that group of people and the segment of the population who become art-world professionals?
Can you tell just by looking at a 4-year-old’s drawing that he’s going to be a
genius? A 10-year-old’s? A 17-year-old’s?
Many of the “Very Early Pictures” that could pass for contemporary gallery
fare benefit significantly from the art world’s seemingly bottomless obsession
with adolescence. But this isn’t entirely unprecedented. Art historian Jonathan
Fineberg has traced many of the breakthroughs in “my kid could do that” Modernism
directly to artists’ fascination with children’s art. “I wanted to see if there
was anything to the often-remarked-upon resemblance that we normally dismiss,”
said Fineberg to a midsize audience at Luckman the Thursday before the opening.
“To my surprise, I discovered that artists such as Kandinsky, Klee, Picasso, Miró
and Dubuffet — to name just a few — were very interested in children’s drawings
and mined them for ideas.”
In his insightful and copiously illustrated book, The Innocent Eye: Children’s Art and the Modern Artist, Fineberg outlines the history of children’s art in the context of art history, arguing convincingly for the influence of the prepubescent sensibility on artists from Russian avant-gardist Mikhail Larionov to Jean-Michel Basquiat and David Hockney. “Simple things take on a vividness in child art that catches us by surprise,” continued Fineberg. “For the great modern artists, the children’s drawings seem to have added vibrancy to their explorations of whatever was most fundamental in their aesthetic projects.”
But is this anything more than a search for plunder-ready sources of formal novelty? Fineberg believes so: “In 1863, Baudelaire famously wrote that ‘genius is nothing more nor less than childhood regained at will.’ Underlying this formulation is the perception that the recovery of childhood offers a passage to fundamental knowledge about the present state of existence, and nowhere is this perception more powerful than in the realm of the visual. The artist creates a form with which to articulate that experience for which neither viewer nor artist have, until that moment, had a vocabulary. The same may be said of a child’s drawing.”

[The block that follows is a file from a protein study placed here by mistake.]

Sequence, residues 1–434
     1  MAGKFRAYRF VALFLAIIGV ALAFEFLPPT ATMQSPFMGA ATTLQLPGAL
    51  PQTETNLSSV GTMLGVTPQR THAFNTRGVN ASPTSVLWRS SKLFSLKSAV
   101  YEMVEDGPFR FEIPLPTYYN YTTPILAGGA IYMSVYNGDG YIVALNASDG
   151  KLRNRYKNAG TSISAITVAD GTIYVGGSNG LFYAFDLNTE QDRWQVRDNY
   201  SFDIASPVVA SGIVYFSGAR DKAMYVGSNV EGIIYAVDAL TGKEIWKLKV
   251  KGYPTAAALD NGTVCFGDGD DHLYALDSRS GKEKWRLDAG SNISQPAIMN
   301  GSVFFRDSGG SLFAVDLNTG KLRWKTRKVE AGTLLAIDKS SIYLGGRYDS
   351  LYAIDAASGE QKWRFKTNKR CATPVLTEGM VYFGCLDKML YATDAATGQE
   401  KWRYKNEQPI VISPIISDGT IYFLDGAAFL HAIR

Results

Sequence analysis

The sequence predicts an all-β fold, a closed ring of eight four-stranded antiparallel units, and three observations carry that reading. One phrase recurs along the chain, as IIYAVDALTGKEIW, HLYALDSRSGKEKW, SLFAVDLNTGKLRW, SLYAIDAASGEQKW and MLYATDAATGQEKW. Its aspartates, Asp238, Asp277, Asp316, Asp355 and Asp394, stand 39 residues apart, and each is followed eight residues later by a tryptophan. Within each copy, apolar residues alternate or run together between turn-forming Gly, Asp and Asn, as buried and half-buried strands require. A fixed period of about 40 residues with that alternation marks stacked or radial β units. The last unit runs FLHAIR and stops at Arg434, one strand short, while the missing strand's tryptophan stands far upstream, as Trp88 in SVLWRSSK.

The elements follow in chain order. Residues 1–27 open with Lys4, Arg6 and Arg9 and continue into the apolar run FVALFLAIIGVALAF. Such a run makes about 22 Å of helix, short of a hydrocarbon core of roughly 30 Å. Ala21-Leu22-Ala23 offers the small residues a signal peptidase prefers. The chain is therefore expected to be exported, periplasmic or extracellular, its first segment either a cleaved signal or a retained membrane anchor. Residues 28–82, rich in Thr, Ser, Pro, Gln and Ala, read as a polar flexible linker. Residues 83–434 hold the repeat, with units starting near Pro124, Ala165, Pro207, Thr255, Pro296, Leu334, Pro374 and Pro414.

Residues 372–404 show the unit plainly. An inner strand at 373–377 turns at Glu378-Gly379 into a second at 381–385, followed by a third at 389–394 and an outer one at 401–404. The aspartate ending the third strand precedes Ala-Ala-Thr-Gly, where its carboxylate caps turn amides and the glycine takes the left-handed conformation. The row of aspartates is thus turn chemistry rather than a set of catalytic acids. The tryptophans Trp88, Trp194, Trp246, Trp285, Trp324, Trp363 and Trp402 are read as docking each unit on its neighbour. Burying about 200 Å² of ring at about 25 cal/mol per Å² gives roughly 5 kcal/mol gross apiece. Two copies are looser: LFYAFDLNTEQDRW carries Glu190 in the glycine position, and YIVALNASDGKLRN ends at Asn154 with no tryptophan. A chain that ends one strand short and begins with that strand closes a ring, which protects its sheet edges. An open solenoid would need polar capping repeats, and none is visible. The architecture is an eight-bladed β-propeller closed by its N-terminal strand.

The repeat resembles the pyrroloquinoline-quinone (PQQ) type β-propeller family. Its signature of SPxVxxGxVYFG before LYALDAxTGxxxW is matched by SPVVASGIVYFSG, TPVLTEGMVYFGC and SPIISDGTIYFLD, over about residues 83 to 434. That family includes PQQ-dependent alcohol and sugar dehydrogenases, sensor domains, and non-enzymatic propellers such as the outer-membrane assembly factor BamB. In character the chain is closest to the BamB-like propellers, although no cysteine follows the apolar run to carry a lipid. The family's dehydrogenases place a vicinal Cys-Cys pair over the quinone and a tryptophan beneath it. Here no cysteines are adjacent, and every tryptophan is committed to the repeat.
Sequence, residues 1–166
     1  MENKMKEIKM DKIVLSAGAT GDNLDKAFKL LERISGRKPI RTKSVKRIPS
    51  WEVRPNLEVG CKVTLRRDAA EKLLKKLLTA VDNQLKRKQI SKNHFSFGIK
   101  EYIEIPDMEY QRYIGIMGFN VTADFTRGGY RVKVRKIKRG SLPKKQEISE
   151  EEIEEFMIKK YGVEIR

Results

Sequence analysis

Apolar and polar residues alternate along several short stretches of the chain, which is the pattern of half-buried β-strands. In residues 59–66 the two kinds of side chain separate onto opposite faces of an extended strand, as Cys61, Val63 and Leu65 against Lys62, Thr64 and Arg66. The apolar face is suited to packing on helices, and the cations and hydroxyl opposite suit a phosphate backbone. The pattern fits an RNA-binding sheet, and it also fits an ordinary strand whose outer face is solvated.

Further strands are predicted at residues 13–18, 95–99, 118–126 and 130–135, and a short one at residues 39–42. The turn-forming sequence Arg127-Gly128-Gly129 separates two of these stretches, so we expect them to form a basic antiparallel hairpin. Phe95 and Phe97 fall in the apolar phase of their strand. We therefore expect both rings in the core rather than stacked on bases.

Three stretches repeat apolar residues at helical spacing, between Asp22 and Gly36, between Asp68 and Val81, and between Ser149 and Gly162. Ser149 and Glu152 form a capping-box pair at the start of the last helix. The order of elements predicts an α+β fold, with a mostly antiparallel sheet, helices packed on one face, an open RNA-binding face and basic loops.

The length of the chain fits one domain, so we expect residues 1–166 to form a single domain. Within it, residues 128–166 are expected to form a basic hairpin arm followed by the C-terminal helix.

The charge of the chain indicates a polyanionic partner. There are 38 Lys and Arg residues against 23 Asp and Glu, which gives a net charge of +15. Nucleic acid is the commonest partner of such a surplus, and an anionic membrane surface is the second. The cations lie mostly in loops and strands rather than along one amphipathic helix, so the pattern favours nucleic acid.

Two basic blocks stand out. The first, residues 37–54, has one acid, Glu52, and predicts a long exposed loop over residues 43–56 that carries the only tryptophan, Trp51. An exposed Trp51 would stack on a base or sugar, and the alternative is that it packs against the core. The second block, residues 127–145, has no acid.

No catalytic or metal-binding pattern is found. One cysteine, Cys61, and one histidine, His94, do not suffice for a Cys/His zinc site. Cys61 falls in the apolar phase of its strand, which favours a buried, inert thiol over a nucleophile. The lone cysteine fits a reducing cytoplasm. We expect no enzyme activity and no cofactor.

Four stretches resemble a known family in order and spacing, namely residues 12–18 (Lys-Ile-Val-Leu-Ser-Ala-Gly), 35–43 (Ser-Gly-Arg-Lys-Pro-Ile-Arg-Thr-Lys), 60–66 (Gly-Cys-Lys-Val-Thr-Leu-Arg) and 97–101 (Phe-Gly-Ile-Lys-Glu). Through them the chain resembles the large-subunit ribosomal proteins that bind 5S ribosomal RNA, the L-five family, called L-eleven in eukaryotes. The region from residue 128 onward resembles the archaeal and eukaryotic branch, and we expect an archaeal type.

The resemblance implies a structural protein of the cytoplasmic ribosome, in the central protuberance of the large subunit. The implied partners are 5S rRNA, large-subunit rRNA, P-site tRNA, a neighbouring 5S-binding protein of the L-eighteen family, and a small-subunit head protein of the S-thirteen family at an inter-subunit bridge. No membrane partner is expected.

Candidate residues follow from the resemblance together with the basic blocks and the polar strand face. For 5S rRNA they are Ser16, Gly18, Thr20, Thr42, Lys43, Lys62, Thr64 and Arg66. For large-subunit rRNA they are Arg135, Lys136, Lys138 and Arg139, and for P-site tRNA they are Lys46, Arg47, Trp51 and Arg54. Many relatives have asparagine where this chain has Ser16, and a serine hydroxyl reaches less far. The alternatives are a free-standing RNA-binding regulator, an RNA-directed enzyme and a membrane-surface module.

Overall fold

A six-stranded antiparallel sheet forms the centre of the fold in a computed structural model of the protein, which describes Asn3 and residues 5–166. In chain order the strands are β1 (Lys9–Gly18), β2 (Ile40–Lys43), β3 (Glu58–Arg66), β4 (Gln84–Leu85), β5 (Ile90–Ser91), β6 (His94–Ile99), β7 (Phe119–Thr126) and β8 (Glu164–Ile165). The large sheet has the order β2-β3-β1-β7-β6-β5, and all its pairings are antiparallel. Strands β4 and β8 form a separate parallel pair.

Curiously, many of the kids’? works collected and adapted by artists over the
last hundred years are considerably more powerful than most of the works in “Very
Early Pictures.” A result of the lengthier filtering process, no doubt, but one
can’t help wondering whether artists are better at spotting gifted child artists
than they were at being them. At some points you start wondering if there’s any
connection at all. Then you come across something like Jeffrey Vallance’s incredibly
detailed Addams Family House? sculpture, which he built at
age 10 in 1965. He then sent a photograph of the model to cartoonist Charles Addams,
who responded. Anyone familiar with Vallance’s prankish letter projects, where
he solicited “Art in Government” drawings from Strom Thurmond and Barry Goldwater
or traded neckties with Anwar Sadat (not to mention his more ambitious boundary
erasures involving the King of Tonga or the Liberace Museum), must recognize this
as a seminal work in the artist’s career. In fact, there’s probably as much good
art in this show as there would be in a show of contemporary works by the same
group of artists.
In spite of all the isues raised, the bottom line is that there’s probably as
much good art in this show as there would be in a show of contemporary works by
the same group of artists. Most of these questions provoked by “Very Early Pictures”
— rather than being contained in some sort of nostalgic bubble — ultimately seem
to address our prejudices, our criteria for valuing works of art, and the structure
and meaning of the art world — pretty radical stuff. Does it matter whether any
of this was intentional on the part of the young artistes? I don’t know, but given
the way some of them turned out, I wouldn’t put it past them.
VERY EARLY PICTURES | Luckman Gallery, Cal State L.A., 5151 State University Drive, Los Angeles | Through July 23